What is the difference between a Last Will and Testament and a Living Will?

Signing a last will

Despite having relatively similar names, there are significant differences between a Living Will and a Last Will and Testament. Knowing what each of them do can mean the difference between your estate going to probate or being divided by intestacy laws. In this post, our probate services team explain the differences between the two.

Last Will and Testament

A Last Will and Testament is a legally binding document outlining how you would like all of your assets to be divided after you pass away. For a Will to be valid, several criteria must be filled:

  • It must be in writing
  • It must be written while you have the capacity to understand the implications of the decisions you are making (also known as ‘being of sound mind’)
  • It cannot be written under any coercion
  • You must be over 18 years old at the time of writing
  • You must sign the Will and have your signature witnessed by two people. They must both be over 18, unrelated to you and not due to inherit from your Will. If a witness does stand to inherit from your Will, it will still be valid, but the witness removes any rights to any inheritance from your Will as a result
  • Your witnesses must also sign the Will in your presence

There is no set date upon which your Will must be created and, if necessary, the document can be altered at a later time provided that any alterations come with new signatures and dates for authenticity. Please note that a Last Will and Testament can only come into effect upon your death, while you live it has no legal effect.

Many people try to write Wills themselves, but mistakes can easily invalidate the whole document, making it risky to do so. Our probate and Wills solicitors can guide you through the complex process of creating a Will that is valid and can be easily executed.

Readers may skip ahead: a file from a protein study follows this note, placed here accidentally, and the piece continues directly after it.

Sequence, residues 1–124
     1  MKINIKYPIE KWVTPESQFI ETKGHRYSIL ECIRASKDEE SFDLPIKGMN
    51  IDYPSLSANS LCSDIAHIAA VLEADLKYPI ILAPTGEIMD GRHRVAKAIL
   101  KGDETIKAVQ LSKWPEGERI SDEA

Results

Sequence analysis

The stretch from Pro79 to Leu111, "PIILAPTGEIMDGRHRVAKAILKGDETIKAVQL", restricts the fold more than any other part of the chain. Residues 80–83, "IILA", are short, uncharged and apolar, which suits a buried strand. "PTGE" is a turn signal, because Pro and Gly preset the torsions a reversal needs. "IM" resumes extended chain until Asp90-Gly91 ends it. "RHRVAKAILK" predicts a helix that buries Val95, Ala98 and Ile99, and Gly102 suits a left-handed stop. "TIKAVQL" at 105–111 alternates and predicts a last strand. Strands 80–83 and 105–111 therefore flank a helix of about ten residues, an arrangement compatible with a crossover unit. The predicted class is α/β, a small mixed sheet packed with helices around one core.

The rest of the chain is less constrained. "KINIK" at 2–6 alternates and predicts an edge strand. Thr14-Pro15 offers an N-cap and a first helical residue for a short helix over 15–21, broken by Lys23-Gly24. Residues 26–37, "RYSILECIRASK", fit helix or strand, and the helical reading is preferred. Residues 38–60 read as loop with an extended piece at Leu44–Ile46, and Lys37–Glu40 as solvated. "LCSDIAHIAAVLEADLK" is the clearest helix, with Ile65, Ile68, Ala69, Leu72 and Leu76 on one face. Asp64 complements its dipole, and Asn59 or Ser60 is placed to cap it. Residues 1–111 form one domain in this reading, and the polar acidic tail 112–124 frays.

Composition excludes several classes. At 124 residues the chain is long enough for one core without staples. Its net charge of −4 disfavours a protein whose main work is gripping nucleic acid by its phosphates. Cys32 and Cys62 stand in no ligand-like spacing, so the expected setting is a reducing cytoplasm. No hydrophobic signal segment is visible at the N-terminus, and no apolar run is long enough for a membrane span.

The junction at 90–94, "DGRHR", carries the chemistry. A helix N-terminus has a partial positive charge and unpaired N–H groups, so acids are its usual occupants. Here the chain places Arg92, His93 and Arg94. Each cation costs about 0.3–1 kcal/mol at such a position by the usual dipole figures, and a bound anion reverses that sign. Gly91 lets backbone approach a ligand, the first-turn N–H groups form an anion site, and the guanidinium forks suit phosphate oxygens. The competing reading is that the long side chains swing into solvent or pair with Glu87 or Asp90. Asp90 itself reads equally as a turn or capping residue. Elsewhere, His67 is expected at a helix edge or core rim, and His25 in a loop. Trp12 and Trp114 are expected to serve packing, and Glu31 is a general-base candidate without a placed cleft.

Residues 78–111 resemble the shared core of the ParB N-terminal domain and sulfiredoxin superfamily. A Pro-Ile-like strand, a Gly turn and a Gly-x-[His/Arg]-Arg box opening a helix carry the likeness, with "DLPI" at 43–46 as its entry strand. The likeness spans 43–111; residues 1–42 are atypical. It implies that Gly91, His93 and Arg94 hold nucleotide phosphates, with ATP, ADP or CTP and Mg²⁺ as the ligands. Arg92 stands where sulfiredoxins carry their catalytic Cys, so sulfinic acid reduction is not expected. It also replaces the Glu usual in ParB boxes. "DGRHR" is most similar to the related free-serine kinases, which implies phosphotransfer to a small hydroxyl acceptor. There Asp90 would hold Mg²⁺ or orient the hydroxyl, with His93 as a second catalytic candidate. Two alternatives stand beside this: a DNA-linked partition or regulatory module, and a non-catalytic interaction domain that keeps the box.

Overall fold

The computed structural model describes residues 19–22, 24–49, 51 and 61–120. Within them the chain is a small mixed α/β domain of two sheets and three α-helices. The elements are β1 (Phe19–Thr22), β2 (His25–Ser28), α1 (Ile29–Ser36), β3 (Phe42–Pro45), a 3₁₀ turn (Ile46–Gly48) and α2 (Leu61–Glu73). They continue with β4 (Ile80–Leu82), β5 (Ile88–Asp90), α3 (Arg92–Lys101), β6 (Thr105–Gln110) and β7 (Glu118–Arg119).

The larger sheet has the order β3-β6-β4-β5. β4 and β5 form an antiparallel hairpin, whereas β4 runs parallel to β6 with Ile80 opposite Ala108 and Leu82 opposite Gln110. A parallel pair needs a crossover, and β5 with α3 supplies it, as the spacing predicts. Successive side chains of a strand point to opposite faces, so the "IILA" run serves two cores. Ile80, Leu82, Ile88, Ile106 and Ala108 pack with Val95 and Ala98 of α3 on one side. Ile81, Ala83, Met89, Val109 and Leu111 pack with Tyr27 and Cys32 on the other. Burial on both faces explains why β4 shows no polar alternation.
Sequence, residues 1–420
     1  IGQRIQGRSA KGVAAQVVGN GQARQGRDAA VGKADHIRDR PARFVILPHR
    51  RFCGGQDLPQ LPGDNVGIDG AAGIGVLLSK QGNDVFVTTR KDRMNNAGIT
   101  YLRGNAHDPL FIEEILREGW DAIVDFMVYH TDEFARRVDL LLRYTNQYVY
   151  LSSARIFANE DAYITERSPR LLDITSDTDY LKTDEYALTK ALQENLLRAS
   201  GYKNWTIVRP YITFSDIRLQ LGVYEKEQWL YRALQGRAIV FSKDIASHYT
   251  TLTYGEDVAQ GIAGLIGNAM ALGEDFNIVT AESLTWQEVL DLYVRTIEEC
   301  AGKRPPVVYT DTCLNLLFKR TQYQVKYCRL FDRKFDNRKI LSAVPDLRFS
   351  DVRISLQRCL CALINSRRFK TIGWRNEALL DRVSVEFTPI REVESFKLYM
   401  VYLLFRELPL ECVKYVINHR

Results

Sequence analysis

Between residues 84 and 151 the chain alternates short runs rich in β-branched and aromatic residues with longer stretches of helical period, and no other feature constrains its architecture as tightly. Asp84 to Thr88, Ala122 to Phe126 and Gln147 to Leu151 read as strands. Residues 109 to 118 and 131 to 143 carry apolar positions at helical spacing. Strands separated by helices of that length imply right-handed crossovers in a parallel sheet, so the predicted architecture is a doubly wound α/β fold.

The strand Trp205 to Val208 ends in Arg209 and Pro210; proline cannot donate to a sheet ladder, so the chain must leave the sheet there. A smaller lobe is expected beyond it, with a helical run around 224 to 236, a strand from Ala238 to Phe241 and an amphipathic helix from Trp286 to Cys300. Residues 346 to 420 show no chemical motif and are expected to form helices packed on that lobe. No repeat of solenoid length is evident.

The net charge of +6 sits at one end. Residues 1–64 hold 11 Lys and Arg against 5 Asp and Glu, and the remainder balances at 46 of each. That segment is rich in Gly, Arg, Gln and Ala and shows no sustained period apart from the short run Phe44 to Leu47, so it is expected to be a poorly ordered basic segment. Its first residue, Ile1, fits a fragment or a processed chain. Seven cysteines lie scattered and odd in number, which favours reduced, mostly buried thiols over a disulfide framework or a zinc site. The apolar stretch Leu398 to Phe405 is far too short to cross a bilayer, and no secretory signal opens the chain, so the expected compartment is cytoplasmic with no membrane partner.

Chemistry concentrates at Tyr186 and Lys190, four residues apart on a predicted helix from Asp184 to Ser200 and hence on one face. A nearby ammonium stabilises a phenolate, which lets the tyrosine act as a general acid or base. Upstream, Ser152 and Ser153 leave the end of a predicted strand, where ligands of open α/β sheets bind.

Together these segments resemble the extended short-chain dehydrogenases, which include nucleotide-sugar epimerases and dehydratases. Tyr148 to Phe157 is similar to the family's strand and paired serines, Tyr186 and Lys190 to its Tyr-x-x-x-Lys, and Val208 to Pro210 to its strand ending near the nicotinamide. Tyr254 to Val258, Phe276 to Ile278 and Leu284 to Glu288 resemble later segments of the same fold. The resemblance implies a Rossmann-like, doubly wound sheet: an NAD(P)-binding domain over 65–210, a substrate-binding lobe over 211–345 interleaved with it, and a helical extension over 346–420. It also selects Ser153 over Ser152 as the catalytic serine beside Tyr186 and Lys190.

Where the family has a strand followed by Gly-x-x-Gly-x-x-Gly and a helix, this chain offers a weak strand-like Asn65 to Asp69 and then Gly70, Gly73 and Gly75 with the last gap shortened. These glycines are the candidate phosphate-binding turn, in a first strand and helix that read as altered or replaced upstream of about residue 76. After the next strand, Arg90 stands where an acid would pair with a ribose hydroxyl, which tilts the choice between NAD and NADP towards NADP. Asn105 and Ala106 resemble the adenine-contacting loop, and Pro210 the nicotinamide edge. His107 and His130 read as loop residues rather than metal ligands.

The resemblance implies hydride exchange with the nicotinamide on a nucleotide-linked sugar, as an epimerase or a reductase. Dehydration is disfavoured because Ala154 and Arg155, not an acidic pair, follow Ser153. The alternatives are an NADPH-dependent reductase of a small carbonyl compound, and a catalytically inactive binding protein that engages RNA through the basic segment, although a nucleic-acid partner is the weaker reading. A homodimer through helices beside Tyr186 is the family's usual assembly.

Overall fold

Living Will

A Living Will, now known as an Advance Directive, allows you to define which medical treatments you do not consent being used upon you in the case that you cannot make the decision yourself. This can be due to either your physical or mental health deteriorating past the point of capacity.

In England and Wales, Living Wills are legally binding provided that the following conditions are met:

  • You must be 18 or older at the time of writing
  • You must be of sound mind at the time of writing
  • You must specify the treatments you wish to refuse. A general statement refusing treatment will not be followed
  • You must specify the circumstances in which you refuse treatment, for example, if you have had a stroke or are suffering from dementia

If your Living Will contains a refusal of life-sustaining treatment, then it must also:

  • Be in writing
  • State that the Advance Directive applies even if your life is at risk or shortened as a result of refusing treatment
  • Be signed both by yourself and by another witness

You can specify any medical treatment that you wish, and it does not need to be signed or endorsed by a solicitor to be valid. However, similar to a Will, it’s wise to seek legal assistance with writing them as they require very specific language to ensure your wishes are respected.

Talk to expert Will solicitors

At Romain Coleman, our team has years of experience in this field of law, and we can show you how to make a Will, whether it be a Last Will and Testament or a Living Will. Our experts will listen to your requests and translate them into a legally binding document.

To find out how we can help, call us on 0208 520 4555 or fill out our Online Form.

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